The body electric
Electronic music goes on a Community Service Tour
By Donna Freydkin
July 20, 1999
(CNN) -- If Canadian crooner Sarah McLachlan can stun her many naysayers by staging the Lilith Fair festival -- and if heavy-metalist Ozzy Osbourne's Ozzfest can keep transforming arenas nationwide into mosh pits -- then why can't The Crystal Method do the same for the burgeoning electronic music scene?
Because electronica can't be played live. Because it's inorganic music that only works in a studio, not on a concert stage. Because you can't take it out of its natural habitat, the smoky dance club, and transplant it into a cavernous venue. And so on.
Not so fast, say artists of the Method, one of the forerunners of the U.S. electronic music movement. These folks think people want to dance, not just mosh. So the band, made up of two veterans of the Los Angeles rave scene, teamed up with Britain's Orbital, the Lo Fidelity Allstars and DJ John Kelley to hold the Community Service Tour. It's an assemblage of four bands staging what are essentially six-hour raves in cities nationwide.
"Our concept from the very beginning was that if we play live, it has to be a live performance, period," says Ken Jordan, half The Crystal Method and a co-founder of the Community Service Tour.
"We have to play the sounds the audience hears. It has to be easy to decipher. And it seems like a simple concept, but it's so important. Not playing live really hurts the image of electronic music. It bugs us when people don't put any thought into their live performances."
"Electronica" in popular music is an overly broad catch-term for electronic listening music created largely from existing music samples by computer. (In contemporary classical work, it's more about original composition, just with electronic instrumentation.)
Detractors of popular "electronica" argue that what works so well in the studio just can't be replicated live. But artists like those of Orbital, the Chemical Brothers and The Crystal Method -- all of whom draw heavily on techno and house music and mutate existing tunes into their own creations -- have long been recognized for their powerful live shows.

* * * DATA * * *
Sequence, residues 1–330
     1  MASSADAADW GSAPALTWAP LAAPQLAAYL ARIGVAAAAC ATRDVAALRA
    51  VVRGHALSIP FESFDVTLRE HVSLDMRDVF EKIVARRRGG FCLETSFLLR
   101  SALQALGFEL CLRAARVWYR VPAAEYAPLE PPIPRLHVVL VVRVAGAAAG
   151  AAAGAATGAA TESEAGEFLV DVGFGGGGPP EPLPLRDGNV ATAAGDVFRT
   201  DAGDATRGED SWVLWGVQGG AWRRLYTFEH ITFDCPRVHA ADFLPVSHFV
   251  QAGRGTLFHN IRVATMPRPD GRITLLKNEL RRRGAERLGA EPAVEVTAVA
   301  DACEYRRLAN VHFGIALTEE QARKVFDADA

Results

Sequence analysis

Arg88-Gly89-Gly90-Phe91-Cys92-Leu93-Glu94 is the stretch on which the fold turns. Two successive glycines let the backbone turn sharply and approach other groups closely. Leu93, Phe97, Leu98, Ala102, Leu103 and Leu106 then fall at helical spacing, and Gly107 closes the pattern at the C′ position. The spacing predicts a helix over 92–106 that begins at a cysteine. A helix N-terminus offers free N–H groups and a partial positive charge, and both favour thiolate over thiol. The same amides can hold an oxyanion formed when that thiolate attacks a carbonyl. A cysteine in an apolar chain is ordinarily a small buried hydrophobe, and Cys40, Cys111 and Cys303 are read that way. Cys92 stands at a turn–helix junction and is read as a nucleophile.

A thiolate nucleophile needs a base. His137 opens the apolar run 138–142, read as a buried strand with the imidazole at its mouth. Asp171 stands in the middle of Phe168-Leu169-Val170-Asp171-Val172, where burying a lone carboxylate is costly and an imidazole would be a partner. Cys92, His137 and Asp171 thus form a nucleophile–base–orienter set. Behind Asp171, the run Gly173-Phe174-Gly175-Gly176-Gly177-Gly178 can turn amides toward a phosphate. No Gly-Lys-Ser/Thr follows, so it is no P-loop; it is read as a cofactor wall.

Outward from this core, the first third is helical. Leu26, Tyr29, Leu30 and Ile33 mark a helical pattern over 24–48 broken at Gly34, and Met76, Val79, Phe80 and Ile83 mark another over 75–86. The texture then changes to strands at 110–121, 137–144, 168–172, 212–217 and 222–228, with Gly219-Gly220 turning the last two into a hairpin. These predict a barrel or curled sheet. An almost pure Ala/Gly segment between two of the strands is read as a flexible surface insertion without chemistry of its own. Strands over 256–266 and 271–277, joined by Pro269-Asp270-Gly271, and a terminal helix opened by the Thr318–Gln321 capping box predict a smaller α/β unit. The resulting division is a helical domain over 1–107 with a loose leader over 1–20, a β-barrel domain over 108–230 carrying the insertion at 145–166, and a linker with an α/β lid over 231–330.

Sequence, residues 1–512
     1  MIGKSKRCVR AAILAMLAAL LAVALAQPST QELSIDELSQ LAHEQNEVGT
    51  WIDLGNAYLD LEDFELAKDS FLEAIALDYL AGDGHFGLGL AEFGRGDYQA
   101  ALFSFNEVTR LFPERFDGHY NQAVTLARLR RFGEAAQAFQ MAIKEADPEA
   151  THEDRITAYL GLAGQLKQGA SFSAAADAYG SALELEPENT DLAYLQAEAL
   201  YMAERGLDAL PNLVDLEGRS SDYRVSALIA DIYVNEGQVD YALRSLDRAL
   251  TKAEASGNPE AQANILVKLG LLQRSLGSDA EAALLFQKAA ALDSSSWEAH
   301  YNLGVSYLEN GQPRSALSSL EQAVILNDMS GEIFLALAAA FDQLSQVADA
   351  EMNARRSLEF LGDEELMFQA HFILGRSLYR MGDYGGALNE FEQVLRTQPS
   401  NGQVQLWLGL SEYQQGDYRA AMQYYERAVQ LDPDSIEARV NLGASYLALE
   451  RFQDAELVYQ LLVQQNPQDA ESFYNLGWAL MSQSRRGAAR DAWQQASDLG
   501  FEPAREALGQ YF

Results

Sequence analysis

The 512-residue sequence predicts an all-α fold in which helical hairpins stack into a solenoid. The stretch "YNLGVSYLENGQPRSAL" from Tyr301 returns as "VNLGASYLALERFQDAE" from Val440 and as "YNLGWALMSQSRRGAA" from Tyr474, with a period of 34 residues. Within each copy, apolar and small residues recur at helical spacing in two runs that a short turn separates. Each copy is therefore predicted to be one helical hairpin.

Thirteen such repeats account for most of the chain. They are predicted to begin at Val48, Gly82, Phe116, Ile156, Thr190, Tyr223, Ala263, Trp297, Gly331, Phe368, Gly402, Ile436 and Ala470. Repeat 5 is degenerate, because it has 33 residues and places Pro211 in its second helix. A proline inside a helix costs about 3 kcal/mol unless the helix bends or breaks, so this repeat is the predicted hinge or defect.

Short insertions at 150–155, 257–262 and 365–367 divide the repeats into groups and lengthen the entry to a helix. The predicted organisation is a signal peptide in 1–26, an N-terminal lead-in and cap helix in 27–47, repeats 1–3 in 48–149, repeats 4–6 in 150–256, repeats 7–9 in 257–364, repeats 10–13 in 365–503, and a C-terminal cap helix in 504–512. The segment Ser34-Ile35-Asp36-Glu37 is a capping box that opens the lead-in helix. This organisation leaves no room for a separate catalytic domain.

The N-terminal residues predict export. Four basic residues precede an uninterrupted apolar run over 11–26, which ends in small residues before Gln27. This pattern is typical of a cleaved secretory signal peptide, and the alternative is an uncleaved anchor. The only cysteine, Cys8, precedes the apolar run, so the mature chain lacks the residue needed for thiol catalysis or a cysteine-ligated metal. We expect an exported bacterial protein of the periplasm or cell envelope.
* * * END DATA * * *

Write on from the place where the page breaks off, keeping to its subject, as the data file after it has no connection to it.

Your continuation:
The time had some, says Jordan, to field his idea of a true concert -- in which bands did something as basic as playing all their own instruments live, rather than relying on prerecorded tracks. This, to prove that electronica is as viable a music form as anything else on the tour circuit this summer.
"The Community Service Tour was our idea," he says. "We want to do a summer tour every year, and we wanted to be able to choose the acts on it. We can tour ourselves but we wanted to have a package tour so it would make for a longer night."
Orbital (brothers Phil and Paul Hartnoll) and The Crystal Method headline the 18-date electronic feast. The tour kicked off with a July 4 performance in Chicago, and is to wrap up July 24 with a Los Angeles show.
"We knew that Orbital and the Lo Fidelity Allstars could do it well on stage. And we won't bring on acts we're not sure about," says Jordan. "There were a lot of early knocks on electronic music, but it was true in some cases -- some bands have very poor live shows. They do nothing more than bring their studio with them on stage. They don't interact with the audience or anything like that."
Not so The Crystal Method, armed with its solid electronic-music credentials. The band's live shows have a reputation for being meticulously planned and executed. Jordan and fellow Method-man Scott Kirkland play all their instruments on stage, letting the audience see exactly what they're doing.
The two started out as DJs in their native Las Vegas. They ended up working out of The Bomb Shelter, their studio in Glendale, California. There they created music using a variety of instruments, samplers and sequencers.
They remixed tracks for artists including Moby, Black Grape and the Zen Cowboys. And after the underground hit single "Now Is the Time" was released in 1994, The Crystal Method even managed to open up for England's Chemical Brothers in January 1995 (the Chemical Brothers are expected to tour later this summer).
"When our first single ("Now Is the Time") came out," Jordan says, "we started doing live shows and getting requests to play it live. We hadn't thought about doing a live show and started to check out other electronic concerts. And we saw that it wasn't live it all -- it was just really bad."
So Jordan and Kirkland came up with the Community Service Tour, which is as much about trying to validate electronic music as about adding some much-needed variety to the summer concert circuit -- currently dominated by the unplugged Bob Dylan, Bruce Springsteen and Lilith Fair tours. And besides, club kids need love, too.
"The general feeling when talking about electronic music is that computers make it and that artists aren't writing music," says Jordan. "Our success has helped legitimize electronic music, but other acts have helped as well, such as Fatboy Slim."
Jordan acknowledges that in coming years, it may be more difficult to replicate this summer's stellar lineup, as many of the British bands opt to stay in Europe during the summer months and play local festivals. Nevertheless, Jordan says he's aiming high.
"Next year, we want to play 40 dates. And have it be much bigger and better."
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